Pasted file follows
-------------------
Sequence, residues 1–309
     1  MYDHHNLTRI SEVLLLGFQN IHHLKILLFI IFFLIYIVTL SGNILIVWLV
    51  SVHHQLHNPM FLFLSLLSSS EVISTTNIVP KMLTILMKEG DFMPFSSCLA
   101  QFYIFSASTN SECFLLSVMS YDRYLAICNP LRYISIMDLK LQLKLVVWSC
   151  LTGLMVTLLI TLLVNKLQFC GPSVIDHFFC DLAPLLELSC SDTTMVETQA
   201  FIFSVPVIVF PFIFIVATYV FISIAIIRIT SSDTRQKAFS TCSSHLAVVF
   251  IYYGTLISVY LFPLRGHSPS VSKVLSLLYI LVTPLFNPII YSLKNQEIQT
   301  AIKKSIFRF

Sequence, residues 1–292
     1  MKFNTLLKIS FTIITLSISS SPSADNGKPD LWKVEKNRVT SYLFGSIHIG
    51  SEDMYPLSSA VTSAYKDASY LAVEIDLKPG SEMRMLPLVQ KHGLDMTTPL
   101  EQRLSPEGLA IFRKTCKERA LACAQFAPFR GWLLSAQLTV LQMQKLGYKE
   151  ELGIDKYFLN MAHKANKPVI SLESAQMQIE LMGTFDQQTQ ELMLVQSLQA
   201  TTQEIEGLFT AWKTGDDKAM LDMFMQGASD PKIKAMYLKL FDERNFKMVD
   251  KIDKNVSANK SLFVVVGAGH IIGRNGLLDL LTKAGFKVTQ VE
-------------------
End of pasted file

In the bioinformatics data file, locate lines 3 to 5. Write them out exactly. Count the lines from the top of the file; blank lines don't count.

    51  SVHHQLHNPM FLFLSLLSSS EVISTTNIVP KMLTILMKEG DFMPFSSCLA
   101  QFYIFSASTN SECFLLSVMS YDRYLAICNP LRYISIMDLK LQLKLVVWSC
   151  LTGLMVTLLI TLLVNKLQFC GPSVIDHFFC DLAPLLELSC SDTTMVETQA